The March 15 meeting was organized by Berkeley’s Mayor Jesse Arreguin, District 1 Councilmember Linda Maio, and BART Director Rebecca Salzman. It was called in general as a response to Berkeley’s well-documented housing crisis, but more specifically to very recent rumors of plans to build a large-scale housing development on the BART parking lot.
Each elected official greeted the almost 300 attendees, mostly older adults. Their major message: there is no current plan being considered, nor is there even a plan for a process. They assured attendees that any process would include ample opportunity for public engagement, and that this particular meeting was designed to provide some information, but more importantly to hear from concerned neighbors and begin a community conversation.
Val Menotti, BART’s chief planning and development officer, presented a brief power point about BART’s goals and guidelines for transit oriented development (TOD) to which they are very committed and an overview of several of their completed mixed-use developments on their properties.
Community members did provide their perspectives through two open mics . . . one minute at a time. There was significant support for housing on the site–with advocates citing the need for more housing, housing for commuters who wouldn’t need to drive, housing for “our kids who can’t afford to live here,” and opportunities for greater diversity in Berkeley’s gentrifying population. Most of that support was conditional on affordability levels, parking replacement, height in context with the neighborhood, rent control options. Speakers who were opposed to new development, or at least suspicious of it, worried about the loss of neighborhood character with out-of-scale development at the only BART station in an entirely residential neighborhood. They were also concerned with increased parking and traffic in the neighborhoods, the fallacy that new for-profit housing lowers housing costs overall, and whether the City has the wherewithal to expand services to accommodate new residents.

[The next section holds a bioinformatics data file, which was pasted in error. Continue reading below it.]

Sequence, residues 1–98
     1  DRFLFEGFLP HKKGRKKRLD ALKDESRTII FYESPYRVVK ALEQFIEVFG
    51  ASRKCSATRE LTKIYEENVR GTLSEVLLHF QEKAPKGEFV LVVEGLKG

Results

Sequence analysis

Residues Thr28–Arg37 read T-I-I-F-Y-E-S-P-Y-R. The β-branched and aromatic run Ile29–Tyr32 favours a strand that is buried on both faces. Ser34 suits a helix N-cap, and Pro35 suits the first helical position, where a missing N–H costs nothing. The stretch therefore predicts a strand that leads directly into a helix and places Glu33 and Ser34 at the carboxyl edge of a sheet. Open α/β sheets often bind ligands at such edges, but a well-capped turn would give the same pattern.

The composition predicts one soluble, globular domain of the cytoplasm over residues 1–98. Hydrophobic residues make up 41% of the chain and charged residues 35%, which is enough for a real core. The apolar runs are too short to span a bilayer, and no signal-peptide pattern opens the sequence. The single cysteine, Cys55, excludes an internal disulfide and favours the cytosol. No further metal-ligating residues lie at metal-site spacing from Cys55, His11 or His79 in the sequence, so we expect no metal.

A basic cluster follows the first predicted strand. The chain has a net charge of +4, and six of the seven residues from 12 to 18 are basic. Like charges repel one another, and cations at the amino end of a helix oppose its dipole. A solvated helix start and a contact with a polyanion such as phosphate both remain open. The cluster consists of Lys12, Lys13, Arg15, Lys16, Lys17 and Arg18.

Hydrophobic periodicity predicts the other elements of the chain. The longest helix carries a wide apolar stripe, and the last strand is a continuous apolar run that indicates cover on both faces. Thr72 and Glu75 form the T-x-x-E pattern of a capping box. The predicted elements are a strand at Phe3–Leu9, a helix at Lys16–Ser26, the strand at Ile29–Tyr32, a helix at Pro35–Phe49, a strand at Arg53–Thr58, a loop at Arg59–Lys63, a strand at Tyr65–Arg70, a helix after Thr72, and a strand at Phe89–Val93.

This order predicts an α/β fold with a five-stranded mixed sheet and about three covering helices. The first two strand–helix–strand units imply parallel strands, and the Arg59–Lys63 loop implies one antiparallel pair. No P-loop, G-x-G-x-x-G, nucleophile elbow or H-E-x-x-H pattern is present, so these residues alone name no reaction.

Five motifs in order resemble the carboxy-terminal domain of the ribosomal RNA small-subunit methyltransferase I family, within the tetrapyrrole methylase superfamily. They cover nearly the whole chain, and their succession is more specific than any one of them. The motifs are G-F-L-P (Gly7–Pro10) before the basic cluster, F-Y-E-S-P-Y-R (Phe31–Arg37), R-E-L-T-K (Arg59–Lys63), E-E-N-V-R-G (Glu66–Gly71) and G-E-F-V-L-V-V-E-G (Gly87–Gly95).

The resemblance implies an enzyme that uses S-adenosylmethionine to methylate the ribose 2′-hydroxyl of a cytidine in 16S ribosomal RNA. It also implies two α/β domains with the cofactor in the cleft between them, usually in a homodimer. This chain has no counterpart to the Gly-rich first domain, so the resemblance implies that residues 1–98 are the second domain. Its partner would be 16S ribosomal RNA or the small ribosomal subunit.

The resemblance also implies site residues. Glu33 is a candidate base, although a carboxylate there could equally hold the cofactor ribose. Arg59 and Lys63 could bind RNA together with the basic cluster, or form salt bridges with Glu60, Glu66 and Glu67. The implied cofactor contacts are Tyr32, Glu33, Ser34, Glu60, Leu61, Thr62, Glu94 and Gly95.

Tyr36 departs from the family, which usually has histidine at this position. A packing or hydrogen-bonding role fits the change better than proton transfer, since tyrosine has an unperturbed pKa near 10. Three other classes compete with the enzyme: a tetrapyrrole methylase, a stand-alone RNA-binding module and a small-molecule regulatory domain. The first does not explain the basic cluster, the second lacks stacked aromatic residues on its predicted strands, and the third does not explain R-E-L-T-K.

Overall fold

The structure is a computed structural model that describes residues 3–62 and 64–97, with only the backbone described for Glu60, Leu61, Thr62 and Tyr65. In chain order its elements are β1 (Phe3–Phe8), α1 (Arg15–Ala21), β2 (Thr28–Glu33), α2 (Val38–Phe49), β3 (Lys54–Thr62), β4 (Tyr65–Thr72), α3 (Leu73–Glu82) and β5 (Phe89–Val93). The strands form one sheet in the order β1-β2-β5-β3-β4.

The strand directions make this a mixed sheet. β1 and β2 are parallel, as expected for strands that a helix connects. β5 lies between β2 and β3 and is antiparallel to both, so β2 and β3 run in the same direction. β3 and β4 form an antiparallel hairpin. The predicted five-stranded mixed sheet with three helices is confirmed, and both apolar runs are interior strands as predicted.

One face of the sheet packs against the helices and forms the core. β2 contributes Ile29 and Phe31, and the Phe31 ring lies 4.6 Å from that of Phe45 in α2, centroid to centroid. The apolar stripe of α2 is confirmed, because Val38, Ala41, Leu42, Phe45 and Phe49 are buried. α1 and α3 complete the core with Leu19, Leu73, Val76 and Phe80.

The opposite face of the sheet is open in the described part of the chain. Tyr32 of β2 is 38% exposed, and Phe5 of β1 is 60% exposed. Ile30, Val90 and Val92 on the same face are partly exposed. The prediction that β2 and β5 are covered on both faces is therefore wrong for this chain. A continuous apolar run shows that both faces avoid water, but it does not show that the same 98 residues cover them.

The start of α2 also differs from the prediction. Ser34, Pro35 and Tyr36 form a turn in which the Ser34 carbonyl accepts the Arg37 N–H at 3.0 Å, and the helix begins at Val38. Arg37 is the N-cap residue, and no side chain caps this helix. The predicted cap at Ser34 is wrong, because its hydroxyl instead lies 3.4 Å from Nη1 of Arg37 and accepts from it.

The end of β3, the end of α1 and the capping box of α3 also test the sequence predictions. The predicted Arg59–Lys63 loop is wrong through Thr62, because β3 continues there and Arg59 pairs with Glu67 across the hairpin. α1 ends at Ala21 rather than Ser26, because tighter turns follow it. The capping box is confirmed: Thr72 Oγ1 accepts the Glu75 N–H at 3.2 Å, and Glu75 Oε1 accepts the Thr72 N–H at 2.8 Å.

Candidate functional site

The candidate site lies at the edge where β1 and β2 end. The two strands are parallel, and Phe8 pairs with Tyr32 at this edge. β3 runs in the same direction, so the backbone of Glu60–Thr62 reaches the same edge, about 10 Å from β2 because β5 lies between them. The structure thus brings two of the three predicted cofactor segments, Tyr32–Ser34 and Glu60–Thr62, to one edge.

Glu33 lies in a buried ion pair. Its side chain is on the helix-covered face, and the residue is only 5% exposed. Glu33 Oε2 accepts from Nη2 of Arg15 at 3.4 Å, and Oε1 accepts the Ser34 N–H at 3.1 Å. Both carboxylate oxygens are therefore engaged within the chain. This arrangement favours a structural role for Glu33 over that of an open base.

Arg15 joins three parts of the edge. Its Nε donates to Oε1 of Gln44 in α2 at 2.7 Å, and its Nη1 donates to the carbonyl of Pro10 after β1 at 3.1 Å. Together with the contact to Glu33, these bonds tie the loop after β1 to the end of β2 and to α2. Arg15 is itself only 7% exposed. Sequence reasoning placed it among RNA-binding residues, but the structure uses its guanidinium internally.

Though most of the comments were specifically about housing development on BART property, two pending bills in the state legislature have added context and, for some residents, increased urgency. SB 827 co-sponsored by Berkeley’s state Senator Nancy Skinner, would allow increased height and density, and a relief from parking requirements for new housing projects within a quarter mile of transit hubs and a half mile of BART stations (all other local zoning regulations regulations would apply.) AB 2923, co-sponsored by San Francisco Assemblymember David Chu, would give the BART board authority to build whatever they want on their parcels. (Note: We learned that currently the North Berkeley BART property has no local zoning restrictions.) Some speakers were desperately concerned that either of these measures would usurp the community’s right to have a say in any development.
Mayor Arreguin announced he opposed both state bills and received both cheers and boos from the otherwise polite audience.
What happens next? According to BART, they and the City could discuss development scenarios within BART guidelines, or the City could determine its own guidelines/zoning and proceed from there. “All deliberations occur within public process,” Menotti assured.
Many of the attendees were wearing “I (heart) North Berkeley.” When asked about the meaning of the badge, one attendee said they represented “our north Berkeley Neighborhood Group” who wants to insure they have a voice in the process.
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